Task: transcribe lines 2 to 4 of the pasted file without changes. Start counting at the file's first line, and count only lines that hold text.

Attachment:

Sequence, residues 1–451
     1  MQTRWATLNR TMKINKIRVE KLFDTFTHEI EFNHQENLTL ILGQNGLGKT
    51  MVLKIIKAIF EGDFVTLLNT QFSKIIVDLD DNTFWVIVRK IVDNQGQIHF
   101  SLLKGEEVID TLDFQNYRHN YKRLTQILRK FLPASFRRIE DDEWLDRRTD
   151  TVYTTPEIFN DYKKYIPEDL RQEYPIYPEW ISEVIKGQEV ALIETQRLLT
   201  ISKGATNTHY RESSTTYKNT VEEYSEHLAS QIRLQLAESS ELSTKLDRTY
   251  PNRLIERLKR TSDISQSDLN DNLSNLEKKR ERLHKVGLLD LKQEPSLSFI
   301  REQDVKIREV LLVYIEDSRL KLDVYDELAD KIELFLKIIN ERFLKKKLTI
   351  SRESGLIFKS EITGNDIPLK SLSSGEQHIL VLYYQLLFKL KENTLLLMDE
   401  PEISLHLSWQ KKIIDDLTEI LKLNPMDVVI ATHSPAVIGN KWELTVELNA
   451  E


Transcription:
     1  MQTRWATLNR TMKINKIRVE KLFDTFTHEI EFNHQENLTL ILGQNGLGKT
    51  MVLKIIKAIF EGDFVTLLNT QFSKIIVDLD DNTFWVIVRK IVDNQGQIHF
   101  SLLKGEEVID TLDFQNYRHN YKRLTQILRK FLPASFRRIE DDEWLDRRTD